Abstract
This article examines the different discursive resources on which small business owner–managers draw when understanding their sense of self in relation to corporate social responsibility. In the small business context, identity provides a justifiable framework to study corporate social responsibility, as decisions regarding socially responsible activities are mainly taken by managers and stem from their sense of who they are in the world. On the basis of 25 thematic interviews with owner–managers, two broad discursive resources were found that describe how they actively seek to create and legitimise their sense of self within the discussion on corporate social responsibility. These discursive resources are called being altruistic and being instrumental. The findings emphasise that the essential and also the most challenging feature in small business owner–managers' identity work is the process of reconciling economic values with the social and ethical aspects of business life
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DOI 10.1111/j.1467-8608.2011.01644.x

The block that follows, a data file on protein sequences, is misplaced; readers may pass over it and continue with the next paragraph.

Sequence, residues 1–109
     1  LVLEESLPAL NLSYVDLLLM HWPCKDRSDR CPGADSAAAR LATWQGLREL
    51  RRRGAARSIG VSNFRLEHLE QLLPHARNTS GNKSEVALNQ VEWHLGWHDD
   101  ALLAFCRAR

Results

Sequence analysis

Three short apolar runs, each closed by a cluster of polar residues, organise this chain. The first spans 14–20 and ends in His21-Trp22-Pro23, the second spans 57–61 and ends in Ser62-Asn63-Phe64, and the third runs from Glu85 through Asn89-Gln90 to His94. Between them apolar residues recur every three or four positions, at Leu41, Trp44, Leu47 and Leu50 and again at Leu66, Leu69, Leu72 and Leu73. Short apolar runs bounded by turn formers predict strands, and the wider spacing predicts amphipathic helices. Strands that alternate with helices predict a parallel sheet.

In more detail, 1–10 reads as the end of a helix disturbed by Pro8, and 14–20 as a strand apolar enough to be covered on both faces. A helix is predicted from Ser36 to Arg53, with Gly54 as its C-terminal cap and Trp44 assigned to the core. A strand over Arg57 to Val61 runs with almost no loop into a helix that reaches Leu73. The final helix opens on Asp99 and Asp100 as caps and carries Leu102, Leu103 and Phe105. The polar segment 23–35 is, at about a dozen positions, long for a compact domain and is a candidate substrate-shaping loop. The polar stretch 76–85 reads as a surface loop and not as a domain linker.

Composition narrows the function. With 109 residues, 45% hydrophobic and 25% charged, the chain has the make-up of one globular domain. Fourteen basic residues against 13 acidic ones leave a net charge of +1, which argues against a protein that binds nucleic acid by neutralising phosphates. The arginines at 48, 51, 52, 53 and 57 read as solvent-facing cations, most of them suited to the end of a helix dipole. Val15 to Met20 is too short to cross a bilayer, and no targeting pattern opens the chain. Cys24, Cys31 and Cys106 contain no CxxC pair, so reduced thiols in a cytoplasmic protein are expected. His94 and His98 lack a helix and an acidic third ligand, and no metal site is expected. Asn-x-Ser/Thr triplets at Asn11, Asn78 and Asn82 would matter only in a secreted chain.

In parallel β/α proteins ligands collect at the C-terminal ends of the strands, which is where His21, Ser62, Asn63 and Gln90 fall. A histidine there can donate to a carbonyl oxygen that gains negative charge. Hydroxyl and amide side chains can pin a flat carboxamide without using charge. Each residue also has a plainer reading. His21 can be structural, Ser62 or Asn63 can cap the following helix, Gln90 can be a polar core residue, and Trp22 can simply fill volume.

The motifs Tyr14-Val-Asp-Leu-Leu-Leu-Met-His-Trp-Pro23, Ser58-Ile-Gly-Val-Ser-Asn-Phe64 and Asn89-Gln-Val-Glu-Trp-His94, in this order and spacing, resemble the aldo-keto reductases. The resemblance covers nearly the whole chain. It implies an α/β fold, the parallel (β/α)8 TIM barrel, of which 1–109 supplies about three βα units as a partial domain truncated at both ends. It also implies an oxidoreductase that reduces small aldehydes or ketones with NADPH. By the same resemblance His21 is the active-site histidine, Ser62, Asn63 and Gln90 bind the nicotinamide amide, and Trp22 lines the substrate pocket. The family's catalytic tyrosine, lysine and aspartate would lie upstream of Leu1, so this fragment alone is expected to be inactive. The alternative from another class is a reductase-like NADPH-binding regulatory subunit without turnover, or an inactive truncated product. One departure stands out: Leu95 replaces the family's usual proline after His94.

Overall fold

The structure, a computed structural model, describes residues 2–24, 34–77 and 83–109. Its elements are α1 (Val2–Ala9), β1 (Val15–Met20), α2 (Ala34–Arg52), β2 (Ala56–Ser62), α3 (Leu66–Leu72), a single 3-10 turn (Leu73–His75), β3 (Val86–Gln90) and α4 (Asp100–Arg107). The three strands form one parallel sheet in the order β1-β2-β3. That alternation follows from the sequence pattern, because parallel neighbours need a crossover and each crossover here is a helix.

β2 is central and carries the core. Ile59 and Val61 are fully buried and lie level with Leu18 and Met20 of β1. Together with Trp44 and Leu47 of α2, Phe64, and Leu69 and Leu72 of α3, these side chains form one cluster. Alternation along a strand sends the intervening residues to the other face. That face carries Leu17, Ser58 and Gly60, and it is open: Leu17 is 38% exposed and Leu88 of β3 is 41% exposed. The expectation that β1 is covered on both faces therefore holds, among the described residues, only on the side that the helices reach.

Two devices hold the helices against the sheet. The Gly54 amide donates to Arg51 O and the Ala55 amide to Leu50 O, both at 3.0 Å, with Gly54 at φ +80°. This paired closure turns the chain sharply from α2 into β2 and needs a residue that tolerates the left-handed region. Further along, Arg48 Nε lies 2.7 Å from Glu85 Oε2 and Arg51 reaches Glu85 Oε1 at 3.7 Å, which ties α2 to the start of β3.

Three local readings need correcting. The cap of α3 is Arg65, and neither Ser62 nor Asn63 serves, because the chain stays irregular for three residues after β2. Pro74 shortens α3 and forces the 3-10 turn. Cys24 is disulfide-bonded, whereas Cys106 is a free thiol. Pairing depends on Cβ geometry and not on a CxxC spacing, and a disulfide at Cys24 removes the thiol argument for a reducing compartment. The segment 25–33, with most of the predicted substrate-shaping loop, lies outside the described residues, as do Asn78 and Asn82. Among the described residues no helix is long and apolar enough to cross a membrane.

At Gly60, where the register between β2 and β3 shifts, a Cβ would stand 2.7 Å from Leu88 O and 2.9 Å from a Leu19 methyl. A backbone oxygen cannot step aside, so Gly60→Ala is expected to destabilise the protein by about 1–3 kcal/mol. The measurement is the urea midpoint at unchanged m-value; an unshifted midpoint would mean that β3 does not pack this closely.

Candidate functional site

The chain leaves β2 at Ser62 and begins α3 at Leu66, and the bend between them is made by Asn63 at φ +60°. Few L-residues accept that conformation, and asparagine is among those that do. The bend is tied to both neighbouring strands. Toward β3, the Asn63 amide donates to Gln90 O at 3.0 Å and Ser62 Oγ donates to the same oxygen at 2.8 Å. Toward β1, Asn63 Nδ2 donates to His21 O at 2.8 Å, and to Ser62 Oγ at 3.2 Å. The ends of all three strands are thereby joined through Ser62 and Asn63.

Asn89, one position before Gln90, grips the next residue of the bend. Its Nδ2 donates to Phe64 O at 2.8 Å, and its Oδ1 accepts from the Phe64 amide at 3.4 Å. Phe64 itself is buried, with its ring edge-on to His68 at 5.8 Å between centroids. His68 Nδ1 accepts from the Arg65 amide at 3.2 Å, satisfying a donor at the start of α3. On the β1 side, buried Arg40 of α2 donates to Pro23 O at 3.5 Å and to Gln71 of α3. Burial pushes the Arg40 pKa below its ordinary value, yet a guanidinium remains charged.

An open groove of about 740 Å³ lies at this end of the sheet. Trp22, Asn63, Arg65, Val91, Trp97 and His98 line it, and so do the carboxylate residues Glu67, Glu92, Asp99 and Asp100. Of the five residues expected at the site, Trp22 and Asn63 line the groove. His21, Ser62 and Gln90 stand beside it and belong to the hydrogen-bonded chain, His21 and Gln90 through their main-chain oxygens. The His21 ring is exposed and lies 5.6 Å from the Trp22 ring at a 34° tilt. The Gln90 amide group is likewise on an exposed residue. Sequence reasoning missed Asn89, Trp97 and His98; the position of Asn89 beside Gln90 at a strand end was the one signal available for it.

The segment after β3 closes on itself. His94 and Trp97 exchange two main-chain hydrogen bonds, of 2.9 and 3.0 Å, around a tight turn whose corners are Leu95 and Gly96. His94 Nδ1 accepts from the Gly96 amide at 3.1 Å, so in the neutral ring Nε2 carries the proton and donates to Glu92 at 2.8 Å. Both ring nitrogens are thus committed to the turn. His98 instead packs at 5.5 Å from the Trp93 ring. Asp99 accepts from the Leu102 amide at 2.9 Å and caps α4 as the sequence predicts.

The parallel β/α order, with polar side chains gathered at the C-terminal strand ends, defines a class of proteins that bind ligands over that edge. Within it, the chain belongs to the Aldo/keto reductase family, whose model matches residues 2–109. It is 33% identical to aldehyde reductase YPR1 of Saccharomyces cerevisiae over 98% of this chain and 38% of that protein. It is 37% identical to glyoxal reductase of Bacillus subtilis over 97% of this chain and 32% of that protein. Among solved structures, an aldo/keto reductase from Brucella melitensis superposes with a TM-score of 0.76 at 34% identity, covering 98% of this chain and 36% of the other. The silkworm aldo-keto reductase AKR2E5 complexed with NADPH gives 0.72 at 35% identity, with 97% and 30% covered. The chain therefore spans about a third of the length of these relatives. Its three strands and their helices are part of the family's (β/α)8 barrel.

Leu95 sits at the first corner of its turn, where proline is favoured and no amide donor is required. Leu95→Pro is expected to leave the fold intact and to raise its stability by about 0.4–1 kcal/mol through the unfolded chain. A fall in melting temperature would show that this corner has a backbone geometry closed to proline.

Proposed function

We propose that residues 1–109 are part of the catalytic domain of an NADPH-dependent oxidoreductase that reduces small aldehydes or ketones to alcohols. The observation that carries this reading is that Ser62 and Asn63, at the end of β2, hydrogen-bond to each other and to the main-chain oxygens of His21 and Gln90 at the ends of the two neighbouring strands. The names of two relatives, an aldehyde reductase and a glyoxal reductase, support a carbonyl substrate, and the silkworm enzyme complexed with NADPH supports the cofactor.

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References found in this work BETA

Business Ethics and Stakeholder Analysis.Kenneth E. Goodpaster - 1991 - Business Ethics Quarterly 1 (1):53-73.
Small Business Champions for Corporate Social Responsibility.Heledd Jenkins - 2006 - Journal of Business Ethics 67 (3):241-256.
Does Size Matter? The State of the Art in Small Business Ethics.Laura J. Spence - 1999 - Business Ethics, the Environment and Responsibility 8 (3):163–174.

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Citations of this work BETA

Work Identification and Responsibility in Moral Breakdown.Majella O'Leary - 2015 - Business Ethics: A European Review 24 (3):237-251.

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